Just Say Maybe

A couple of months ago I was at a Hollywood party--except it was in Silver Lake--when two attractive, daughter-aged women came in with a large trash bag, which turned out to contain about three pounds of extremely exotic, highly fissile marijuana. They dumped the bag out on a coffee table right in front of me.

The party, a rather listless affair until then, perked right up.

I will spare you my college days’ dope-alogue. Suffice to say this wasn’t the most ganja I’d ever seen in one place, by about 1,000 pounds. But it had been two decades since I seriously contemplated a table full of brain salad, and I was impressed. And surprised. People still get high?

Illicit drug use peaked in the late 1970s--I can only take partial credit--and has declined more or less steadily since. According to the government’s 2005 National Survey on Drug Use and Health, about 20 million Americans age 12 or older, or 8.1% of the population, are illicit drug users, and that figure has been stable for the past four years. Marijuana is by far the most used illicit drug, with about 6% of the population (14.6 million) toking up on a regular basis. Yet marijuana use among young people has leveled off, and among kids 12 to 17 is dropping sharply.


The only headline news from the government’s report, released this month, was that drug use among baby boomers is up sharply, 63% since 2002, with marijuana being the drug of choice.

Well, I had a premonition of these statistics when I was sitting around the coffee table, the oldest person there by about a lifetime. It seems I was the only one who knew how to twist a proper spliff. Without quite realizing it, I had become a folklorist of weed.

Just in case you’re wondering, no, I don’t smoke dope. The last time I imbibed, my babbling head fell off my shoulders and rolled into a raging river of paranoia. The pot I smoked in my youth was the crassest variety of skunkweed compared with the hydroponically grown, genetically engineered King Kong super-doobage available today. But I am not surprised that my fellow boomers are finding their way back to those verdant fields. For one thing, they are at the peak of their earning potential, and marijuana is expensive. How ironic that the weed of the people should become yet another perk of the high-net-worth set.

I’m struck, also, by the unspoken implication of the government’s figures. If marijuana use is so devastating to one’s life prospects, how is it these boomers have managed to survive so long and prosper so well as to take up the habit later in life? We should be watchful and concerned about drug use--including alcohol and nicotine--among pre-adults, but I find it almost impossible to care if a 50-year-old suburbanite draws on a bong after dinner.

There’s a pop culture corollary at work here too. Back in the late 1970s, public figures--entertainers, politicians, even legislators--were often quite open about their drug experimentation. The language of advertising invoked drug use: “get high” on this or that. Drug-themed comedians became mainstream stars. It may be hard to convince your kids, but Cheech and Chong sold a comedy LP packaged with oversized rolling papers.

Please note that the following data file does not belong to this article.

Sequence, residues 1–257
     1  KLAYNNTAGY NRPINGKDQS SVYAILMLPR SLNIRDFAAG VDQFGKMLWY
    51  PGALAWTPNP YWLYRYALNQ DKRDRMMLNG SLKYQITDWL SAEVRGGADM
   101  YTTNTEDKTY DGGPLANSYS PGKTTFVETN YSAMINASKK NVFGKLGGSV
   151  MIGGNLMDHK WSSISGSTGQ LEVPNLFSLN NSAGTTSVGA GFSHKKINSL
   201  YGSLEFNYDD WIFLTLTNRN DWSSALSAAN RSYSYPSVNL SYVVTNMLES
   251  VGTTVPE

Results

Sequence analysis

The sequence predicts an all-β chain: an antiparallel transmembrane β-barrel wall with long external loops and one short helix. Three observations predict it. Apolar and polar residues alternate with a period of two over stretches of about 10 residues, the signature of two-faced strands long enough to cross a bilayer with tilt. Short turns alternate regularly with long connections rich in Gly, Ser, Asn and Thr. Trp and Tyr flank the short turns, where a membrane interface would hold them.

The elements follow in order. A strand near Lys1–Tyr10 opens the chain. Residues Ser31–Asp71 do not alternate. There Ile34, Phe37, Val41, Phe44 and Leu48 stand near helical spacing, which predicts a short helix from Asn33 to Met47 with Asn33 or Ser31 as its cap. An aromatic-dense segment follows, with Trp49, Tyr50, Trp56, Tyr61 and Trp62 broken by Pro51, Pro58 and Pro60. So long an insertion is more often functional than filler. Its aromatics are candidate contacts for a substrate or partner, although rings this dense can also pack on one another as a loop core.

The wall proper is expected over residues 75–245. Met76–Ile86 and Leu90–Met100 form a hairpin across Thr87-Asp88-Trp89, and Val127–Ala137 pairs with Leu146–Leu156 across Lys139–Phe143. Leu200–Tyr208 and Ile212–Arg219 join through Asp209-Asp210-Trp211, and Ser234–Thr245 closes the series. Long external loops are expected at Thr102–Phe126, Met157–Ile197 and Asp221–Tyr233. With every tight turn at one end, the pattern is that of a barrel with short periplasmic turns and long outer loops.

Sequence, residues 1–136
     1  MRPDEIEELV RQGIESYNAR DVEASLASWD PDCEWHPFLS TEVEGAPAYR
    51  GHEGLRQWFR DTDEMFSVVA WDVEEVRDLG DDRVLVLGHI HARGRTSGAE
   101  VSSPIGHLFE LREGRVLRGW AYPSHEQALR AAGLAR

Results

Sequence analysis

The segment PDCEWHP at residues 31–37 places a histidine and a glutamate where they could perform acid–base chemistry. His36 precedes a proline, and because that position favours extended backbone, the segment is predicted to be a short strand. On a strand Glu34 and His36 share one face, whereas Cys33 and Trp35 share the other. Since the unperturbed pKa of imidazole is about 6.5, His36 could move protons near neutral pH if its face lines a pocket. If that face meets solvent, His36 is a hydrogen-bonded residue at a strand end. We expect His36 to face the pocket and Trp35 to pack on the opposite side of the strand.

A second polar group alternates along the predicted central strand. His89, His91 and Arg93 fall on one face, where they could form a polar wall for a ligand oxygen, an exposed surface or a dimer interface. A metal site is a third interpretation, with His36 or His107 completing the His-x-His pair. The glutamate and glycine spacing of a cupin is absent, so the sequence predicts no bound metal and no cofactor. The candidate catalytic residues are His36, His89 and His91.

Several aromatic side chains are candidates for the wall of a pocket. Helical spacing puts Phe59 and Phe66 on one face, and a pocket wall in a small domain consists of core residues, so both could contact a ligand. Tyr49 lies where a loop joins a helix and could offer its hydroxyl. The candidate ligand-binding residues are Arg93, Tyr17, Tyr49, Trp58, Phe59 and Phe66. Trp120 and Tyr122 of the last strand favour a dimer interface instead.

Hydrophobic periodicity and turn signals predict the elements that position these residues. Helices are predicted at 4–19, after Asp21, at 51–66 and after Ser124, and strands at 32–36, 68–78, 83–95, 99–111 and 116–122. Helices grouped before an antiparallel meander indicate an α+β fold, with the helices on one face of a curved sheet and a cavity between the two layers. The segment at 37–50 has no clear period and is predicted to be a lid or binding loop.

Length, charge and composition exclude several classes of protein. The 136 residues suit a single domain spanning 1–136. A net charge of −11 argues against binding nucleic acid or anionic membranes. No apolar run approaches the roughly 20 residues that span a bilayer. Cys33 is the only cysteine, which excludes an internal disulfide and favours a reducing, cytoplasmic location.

Then came the moral hysteria of America’s War on Drugs, and previously confessed casual marijuana users went silent. Politicians such as Bill Clinton and George W. Bush became hilariously uncomfortable when confronted with questions of their past drug use. Such were the days of the Green Scare.

But I’ve noticed that--perhaps because the War on Drugs has been supplanted by another casus belli, the War on Terror--the moral hysteria surrounding drug use has trickled down to a mere agitation. Also, the “war on . . .” modality has proved faulty. A recent review of the government’s eight-year, $1.4-billion anti-marijuana advertising campaign noted that the ads actually increased the likelihood of first-time drug use among teens. Oops.

The point is, prohibitionists are losing ground. Years ago we passed Proposition 215, allowing the use of medical marijuana. On Gov. Schwarzenegger’s desk now is Assembly Bill 1147, which would end the prohibition against the cultivation of industrial hemp, one of the world’s most useful crops.


Meanwhile, the casual use of marijuana is back in the pop mainstream. This might be because the people who make entertainment in this country belong to the reefer-baptized bubble of boomers. There’s no better example than the Showtime series “Weeds,” whose main character is a suburban mom peddling pot out of her tract home.

“Weeds” obviously is satirical, but of what? The surface-obsessed banalities of haute bourgeoisie? Sure. But it also lampoons the overblown panic that has led people to breezily associate marijuana use with the slippery slope of heroin addiction.

This idea--that marijuana was the demon seed of worse addictions--seems positively quaint these days. Marijuana is not a gateway drug. It’s the drug of gated communities.